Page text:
Louisville: Malik Cunningham, QB
A dynamic open-field runner with good speed and burst, Cunningham also has a proven ability to stand in the pocket, process and make reads in Scott Satterfield’s offense. Cunningham runs when he has to. Plenty of the damage he’s done as a runner at Louisville (2,619 rushing yards, 38 TDs) — especially last year — came as his bailout option, almost as his final read in a progression.
He’s a thin 6-1, 200 pounds and needs to get stronger in his lower half. When his feet are under him, he can uncork a really pretty deep ball. Like a lot of college QBs, his vertical accuracy needs continued attention, but there’s a lot to like with Cunningham’s arm. He does enough to make defensive coordinators nervous about what he can do through the air, which can create some one-on-ones for Cunningham to gash as a runner. He has played a lot of football and is at the nitpick stage of his career (8,092 yards, 62 TDs, 24 INT, 555 completions, 886 attempts). But if he can put together a clean, productive 2022, his stock will climb. Also keep an eye on Cardinals cornerback Kei’Trel Clark, who sees the game like a safety but holds up well outside at cornerback.
North Carolina State: Devin Leary, QB
Leary has quiet feet in the pocket and is in control of everything around him. He will stand in there and take a hit while making an accurate, on-target downfield throw. When NC State offensive coordinator Tim Beck spreads the field and lets Leary make vertical reads, he can hurt defenses — he’s similar to 2022 Patriots fourth-round pick Bailey Zappe in that regard. It’s sort of shocking that Leary had only five interceptions in 431 attempts last season. If Leary (6-1, 212 pounds) can prove that ratio is legit in 2022, pro GMs will be happy.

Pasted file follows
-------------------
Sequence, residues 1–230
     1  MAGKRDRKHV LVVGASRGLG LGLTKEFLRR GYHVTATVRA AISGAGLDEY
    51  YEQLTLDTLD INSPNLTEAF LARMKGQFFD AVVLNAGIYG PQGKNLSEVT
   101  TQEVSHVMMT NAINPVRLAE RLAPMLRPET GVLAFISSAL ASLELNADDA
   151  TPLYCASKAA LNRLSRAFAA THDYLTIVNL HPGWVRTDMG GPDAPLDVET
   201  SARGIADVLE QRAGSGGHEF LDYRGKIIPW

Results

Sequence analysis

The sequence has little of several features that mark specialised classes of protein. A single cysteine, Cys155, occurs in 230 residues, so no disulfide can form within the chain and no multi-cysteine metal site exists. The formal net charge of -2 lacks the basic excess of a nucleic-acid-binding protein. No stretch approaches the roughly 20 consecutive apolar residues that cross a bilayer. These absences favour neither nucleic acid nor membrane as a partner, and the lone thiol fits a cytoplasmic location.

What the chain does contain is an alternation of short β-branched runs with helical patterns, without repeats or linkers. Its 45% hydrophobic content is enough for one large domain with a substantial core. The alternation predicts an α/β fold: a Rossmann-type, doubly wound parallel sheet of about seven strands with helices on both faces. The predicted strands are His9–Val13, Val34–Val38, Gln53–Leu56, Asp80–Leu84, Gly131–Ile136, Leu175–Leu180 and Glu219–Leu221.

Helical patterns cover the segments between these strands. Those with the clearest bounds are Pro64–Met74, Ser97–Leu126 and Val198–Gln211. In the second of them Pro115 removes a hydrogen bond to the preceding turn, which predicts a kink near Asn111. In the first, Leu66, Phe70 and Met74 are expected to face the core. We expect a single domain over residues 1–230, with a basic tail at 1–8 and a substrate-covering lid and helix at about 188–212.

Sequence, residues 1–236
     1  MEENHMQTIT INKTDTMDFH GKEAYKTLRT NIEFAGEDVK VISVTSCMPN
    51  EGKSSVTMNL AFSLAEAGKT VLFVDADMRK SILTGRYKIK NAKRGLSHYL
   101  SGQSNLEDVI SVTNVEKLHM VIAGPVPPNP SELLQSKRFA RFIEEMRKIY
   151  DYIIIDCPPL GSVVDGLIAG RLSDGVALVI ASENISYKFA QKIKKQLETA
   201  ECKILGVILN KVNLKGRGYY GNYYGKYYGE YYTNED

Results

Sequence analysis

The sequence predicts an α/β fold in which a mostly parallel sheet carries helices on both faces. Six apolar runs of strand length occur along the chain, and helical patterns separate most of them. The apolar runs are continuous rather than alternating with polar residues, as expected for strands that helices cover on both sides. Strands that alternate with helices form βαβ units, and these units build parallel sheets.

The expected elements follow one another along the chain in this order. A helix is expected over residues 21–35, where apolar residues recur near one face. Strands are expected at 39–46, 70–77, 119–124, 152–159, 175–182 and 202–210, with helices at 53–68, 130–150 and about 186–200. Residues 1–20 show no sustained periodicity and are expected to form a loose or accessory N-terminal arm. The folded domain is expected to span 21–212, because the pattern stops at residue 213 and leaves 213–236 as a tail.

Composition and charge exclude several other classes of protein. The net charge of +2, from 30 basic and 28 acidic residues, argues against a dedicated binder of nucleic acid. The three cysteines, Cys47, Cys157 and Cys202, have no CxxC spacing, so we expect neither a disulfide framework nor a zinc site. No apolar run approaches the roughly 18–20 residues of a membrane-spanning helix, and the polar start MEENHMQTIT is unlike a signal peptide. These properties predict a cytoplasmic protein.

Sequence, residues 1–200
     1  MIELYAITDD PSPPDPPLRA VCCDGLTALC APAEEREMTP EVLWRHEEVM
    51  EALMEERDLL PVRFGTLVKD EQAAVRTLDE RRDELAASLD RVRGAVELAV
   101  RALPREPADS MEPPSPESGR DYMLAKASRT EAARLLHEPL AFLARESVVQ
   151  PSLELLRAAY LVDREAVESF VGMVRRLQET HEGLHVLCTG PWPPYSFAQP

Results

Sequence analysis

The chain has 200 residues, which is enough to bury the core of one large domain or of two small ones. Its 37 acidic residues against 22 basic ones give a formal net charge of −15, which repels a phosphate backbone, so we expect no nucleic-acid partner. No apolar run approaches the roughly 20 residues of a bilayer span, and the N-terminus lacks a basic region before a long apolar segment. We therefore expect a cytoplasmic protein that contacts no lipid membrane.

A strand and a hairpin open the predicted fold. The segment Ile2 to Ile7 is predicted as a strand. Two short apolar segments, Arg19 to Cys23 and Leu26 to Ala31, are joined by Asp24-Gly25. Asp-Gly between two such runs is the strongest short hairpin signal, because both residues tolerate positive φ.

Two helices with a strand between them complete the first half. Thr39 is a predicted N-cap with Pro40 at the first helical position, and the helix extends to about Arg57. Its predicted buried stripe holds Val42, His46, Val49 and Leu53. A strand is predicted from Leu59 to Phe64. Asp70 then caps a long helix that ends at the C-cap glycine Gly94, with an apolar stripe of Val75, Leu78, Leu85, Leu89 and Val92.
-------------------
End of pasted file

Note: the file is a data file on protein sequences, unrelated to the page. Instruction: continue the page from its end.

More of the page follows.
Leary’s throwing motion can come with a bit of a windup that might bother some teams. At times it can feel like the ball is taking too long to get out, but he shows nice touch and an ability to change speeds. His medium-to-deep shots have plenty of zip when his feet are underneath him. Leary’s not a runner, but he’s from the Matthew Stafford school of scrambling: If you give it to him, he can take it. Another name to watch from the Wolfpack: linebacker Payton Wilson (108 tackles, 11 1/2 tackles for loss in 2020; appeared in just two games last season).
Syracuse: Sean Tucker, RB
Tucker plays a lot bigger than 209 pounds. He is stacked in the lower half and will run through arm tackle attempts in the box. He has a lot of burst and balance, running low to the ground while always moving forward, never backward. With 2,122 yards on 383 career carries, he’s one of the more underrated talents in the country. He’s also still very young, entering his third year at Syracuse without a ton of work on his body.
Tucker runs with plenty of vision and IQ. He can freeze defenders with stutter steps and set up defenders for moves well ahead of time. He still has to prove he has a home run gear in there, though.
Tucker’s work as a pass catcher has grown a bit in his two years at Syracuse, and that could be an area where he sees more work in 2022. But this is a good-looking young prospect who, with another good year as a junior, could be looking at a decision come winter. Also keep an eye on Orange corner Garrett Williams and linebacker Stefon Thompson.
Wake Forest: A.T. Perry, WR
Perry is a super-long target (6-5, 206) who sports a pretty crazy catch radius with good body control and hand speed. He had a bonkers one-hander versus Florida State, reaching back to snare a crossing route that was thrown behind his body. But Perry’s length doesn’t stop him from being able to adjust his body in the air to off-target throws. If a defender is in press and can’t get his hands on Perry’s chest, Perry will eat up that defender. His 2021 season (71 catches, 1,293 yards, 15 TDs) is evidence of that — along with a growing route tree. He can beat corners on comebacks and slants as well as the deep stuff.
Duke: Graham Barton, OL